What will you read in 2018? That may not be a question you’ve spent much time thinking about, but I would encourage you to do so. Sadly we have moved into a time in modern culture that seems almost post-reading. Tweets, texts, social media posts, even blog posts that are built around bullet points all illustrate a public who’s attention span has waned. Could this mean that deep, meaningful and reflective reading may be, for some, a lost art – if it was ever a developed discipline?
I know, I may sound like an old grump who is a throw back to the days of the newspaper (which I’m told young people do not read), but I believe what we read matters. It helps us think and develops in us the capacity to respond to life from a reflective platform. Reading allows and encourages us to expand our horizons, improve our vocabulary, and deepen our understanding of life’s issues. Just last week I enjoyed seeing former President Barack Obama’s reading list from 2017 – a practice he has posted each year since 2008, as did former President George W. Bush. I would hope those who lead us build time into their schedules to read, not just have their favorite media outlet reinforce what they wish to see or hear. (But that’s another matter!)
For the past several years I have set an annual reading goal, which I track through the app Goodreads, an easy to use smart phone application that keeps track of what I have read, what I’m currently reading, and what is on my “want to read” list. This app will also allow you to follow friends and see what they may be reading.
As in the past, last year’s reading list was a combination of professional books (theological, biblical, and leadership focused), pleasure reading (mostly novels), spiritual practices (devotional reading, self-care), and personal interest (hobbies, etc.). By regularly adding to my “want to read” list I was never without a book. In fact I usually have at least two or more books going at the same time – fellow readers will understand.
If you not a reader, or too busy to read, why not try an audio-based reading system? I was given a subscription to Audible for Christmas, and I’m almost through reading my first book with that service. You can combine audio reading with exercise, household chores, or just chilling out. Podcasts are another alternative to the written word, and something I have enjoyed for the past several years as a means of learning. In fact, I often get books for my “want to read” list through the podcast sessions I listen to. Friends who read are another source of book recommendations. If someone takes the time to recommend a book to me, and tells me why they enjoyed it, I will almost always put it on my list. I find it helpful to know what others are reading, especially as a pastor. That’s why I read the Harry Potter series, some of the Left Behind series (couldn’t do it all!), and the Twilight series that were so popular with folks in the churches in year’s past.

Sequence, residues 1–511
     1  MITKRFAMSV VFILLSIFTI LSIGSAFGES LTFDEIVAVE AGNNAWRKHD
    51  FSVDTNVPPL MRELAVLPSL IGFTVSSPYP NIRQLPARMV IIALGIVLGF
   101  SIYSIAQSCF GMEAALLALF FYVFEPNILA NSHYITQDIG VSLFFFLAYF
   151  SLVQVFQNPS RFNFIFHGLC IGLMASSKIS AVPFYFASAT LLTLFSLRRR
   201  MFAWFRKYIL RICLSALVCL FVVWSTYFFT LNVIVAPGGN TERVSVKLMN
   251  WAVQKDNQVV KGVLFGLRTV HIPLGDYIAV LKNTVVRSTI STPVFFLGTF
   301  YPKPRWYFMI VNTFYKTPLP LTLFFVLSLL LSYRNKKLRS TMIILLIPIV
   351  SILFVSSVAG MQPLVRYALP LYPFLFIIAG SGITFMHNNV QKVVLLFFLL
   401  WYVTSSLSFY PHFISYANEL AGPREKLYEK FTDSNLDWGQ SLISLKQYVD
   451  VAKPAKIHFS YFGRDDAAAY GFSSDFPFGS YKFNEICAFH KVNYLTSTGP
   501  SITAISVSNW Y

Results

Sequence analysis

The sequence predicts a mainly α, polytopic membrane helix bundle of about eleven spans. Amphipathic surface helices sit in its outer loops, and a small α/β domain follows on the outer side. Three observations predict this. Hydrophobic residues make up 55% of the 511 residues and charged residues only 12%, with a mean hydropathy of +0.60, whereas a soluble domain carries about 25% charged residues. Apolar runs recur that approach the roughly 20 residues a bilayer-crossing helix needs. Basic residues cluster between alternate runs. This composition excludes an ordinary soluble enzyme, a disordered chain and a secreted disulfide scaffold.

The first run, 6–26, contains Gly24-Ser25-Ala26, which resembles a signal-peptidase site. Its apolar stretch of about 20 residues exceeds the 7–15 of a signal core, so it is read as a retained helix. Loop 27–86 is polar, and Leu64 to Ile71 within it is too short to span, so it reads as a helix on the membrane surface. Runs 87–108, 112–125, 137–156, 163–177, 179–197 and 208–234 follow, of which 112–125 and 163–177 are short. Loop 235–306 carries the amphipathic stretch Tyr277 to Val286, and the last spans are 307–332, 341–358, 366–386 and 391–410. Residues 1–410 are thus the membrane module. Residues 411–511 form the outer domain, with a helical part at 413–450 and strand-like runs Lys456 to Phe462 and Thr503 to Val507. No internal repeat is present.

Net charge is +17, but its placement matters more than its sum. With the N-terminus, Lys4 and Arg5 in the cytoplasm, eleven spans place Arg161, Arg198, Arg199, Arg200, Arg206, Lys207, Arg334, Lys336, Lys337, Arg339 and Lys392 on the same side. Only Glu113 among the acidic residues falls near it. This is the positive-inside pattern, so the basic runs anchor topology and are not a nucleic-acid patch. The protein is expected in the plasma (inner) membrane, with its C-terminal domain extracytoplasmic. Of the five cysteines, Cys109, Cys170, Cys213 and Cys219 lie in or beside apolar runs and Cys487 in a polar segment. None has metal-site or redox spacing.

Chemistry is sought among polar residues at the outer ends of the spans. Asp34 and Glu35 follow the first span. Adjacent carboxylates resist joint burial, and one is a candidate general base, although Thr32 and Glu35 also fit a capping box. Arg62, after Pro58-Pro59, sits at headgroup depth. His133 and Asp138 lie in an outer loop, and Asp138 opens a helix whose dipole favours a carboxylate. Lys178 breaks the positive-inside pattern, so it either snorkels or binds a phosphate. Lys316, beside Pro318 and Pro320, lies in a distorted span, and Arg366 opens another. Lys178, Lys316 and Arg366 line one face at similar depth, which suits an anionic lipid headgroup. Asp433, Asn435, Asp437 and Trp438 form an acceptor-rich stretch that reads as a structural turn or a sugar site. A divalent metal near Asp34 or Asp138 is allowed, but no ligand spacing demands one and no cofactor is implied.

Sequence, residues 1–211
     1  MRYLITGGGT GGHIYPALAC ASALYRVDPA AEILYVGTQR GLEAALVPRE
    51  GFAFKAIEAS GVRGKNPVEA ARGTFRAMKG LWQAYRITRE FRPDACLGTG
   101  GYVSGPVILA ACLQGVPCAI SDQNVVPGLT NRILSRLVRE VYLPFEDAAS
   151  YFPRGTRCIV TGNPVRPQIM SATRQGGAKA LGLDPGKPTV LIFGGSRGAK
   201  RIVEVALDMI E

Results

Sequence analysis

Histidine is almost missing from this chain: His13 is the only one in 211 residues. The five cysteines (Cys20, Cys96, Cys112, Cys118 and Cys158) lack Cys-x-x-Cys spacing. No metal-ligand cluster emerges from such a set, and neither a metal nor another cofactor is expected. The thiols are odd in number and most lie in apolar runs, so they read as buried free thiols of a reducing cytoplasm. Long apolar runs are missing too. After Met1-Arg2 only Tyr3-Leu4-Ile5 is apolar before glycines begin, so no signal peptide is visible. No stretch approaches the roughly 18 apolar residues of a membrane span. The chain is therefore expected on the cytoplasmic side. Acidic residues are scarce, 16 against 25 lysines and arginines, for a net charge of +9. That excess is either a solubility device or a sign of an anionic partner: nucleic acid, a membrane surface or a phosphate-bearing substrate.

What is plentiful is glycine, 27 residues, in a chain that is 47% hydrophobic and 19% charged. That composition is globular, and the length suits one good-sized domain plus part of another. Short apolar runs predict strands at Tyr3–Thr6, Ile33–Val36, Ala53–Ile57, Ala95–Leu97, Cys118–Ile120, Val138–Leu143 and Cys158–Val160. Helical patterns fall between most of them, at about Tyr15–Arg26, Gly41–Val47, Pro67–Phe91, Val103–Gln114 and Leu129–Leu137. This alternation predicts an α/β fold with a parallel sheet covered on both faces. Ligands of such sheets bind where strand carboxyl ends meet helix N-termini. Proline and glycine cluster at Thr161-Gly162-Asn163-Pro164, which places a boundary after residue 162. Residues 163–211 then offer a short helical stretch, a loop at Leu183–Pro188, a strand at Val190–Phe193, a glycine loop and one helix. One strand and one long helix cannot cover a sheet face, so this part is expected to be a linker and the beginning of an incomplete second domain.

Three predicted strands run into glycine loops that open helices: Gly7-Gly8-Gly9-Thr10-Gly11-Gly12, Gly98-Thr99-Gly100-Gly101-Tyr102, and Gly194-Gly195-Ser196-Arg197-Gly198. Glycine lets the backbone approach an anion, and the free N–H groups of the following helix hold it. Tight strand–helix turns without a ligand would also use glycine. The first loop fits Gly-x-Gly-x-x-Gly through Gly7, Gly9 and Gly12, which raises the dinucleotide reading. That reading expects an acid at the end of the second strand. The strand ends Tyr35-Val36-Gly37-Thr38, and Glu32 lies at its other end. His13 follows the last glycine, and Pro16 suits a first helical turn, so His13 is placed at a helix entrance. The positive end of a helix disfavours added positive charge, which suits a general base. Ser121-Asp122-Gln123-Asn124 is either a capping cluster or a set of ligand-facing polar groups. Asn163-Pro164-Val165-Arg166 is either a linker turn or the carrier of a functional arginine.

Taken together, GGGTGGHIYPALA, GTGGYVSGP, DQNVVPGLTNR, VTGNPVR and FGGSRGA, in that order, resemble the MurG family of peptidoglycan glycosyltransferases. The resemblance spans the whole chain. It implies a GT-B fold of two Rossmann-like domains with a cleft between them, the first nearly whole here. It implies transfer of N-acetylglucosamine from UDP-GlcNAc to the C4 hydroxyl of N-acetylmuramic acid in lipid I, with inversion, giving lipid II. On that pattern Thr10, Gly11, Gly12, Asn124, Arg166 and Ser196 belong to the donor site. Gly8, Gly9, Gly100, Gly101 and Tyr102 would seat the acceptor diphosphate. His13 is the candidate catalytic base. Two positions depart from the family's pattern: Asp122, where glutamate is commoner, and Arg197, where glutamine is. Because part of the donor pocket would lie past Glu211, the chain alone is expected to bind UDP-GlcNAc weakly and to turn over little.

My practice most days is to begin my day in some devotional reading. I will spend time in the Bible, usually with the text I’m preaching the next Sunday, allowing it to read me as much as working with it for the sermon. I will also read from the Psalms (or Proverbs recently) and perhaps a chapter of another book in the Bible I haven’t read in a while.
I have also recently seen the merit of keeping a devotional book by a contemporary author as part of my morning reading. Usually this involves reading just one chapter. I used NT Wright’s Advent devotional book in December and I’m currently enjoying a collection of sermons (As King Fishers Catch Fire) published by Eugene Peterson.
Depending on that day’s schedule I will return to reading either in the evening, sometimes over my lunch (it’s better than the news!), and on occasion I will block out some time for professional reading in my schedule. I do not think pastors or other professionals should feel bad in doing this (as I once did – thinking it too passive), because it builds depth into our lives that replenishes our reservoir so often taxed through public sharing.
The public library is a great source for books and other reading material, available today through multiple mediums. There’s is another app I keep on my smart phone. My Kindle e-reader is another good way to take books with me. I tend to be an underliner and note taker in the margins of books I read, but have found the highlight feature on the E reader to be helpful for later review. As you may have guessed, when it comes to reading mediums, in my opinion there’s just nothing quite like turning the pages of a good printed book you are holding in your hands. As I tell our children – when I’m old just put me in the corner with a book in my hands and I’ll be content.
So what’s on your reading list for 2018? Or, what was your best read in 2017?
Here are a view of my best reads from last year, & some I’m looking forward to in 2018:
2017 Good Reads:
- Soul Keeping: Caring for the Most Important Part of You (John Ortberg)
- The Frozen Hours: A Novel of the Korean War (Jeff Shaara)
- The Crucifixion: Understanding the Death of Jesus Christ (Fleming Rutledge)
- Surprised by Hope: Rethinking Heaven, the Resurrection, and the Mission of the Church (N.T. Wright)
- The Bully Pulpit: Theodore Roosevelt and William Howard Taft (Doris Goodwin)
2018 Reading List:
- Grant (Ron Chernow)
- A Brief History of Ireland (Richard Kileen)
- Canoeing the Mountains: Christian Leadership in Uncharted Territory (Tod Bolsinger)
- The Worst Hard Time: The Untold Story of Those Who Survived the Great American Dust Bowl (Timothy Egan)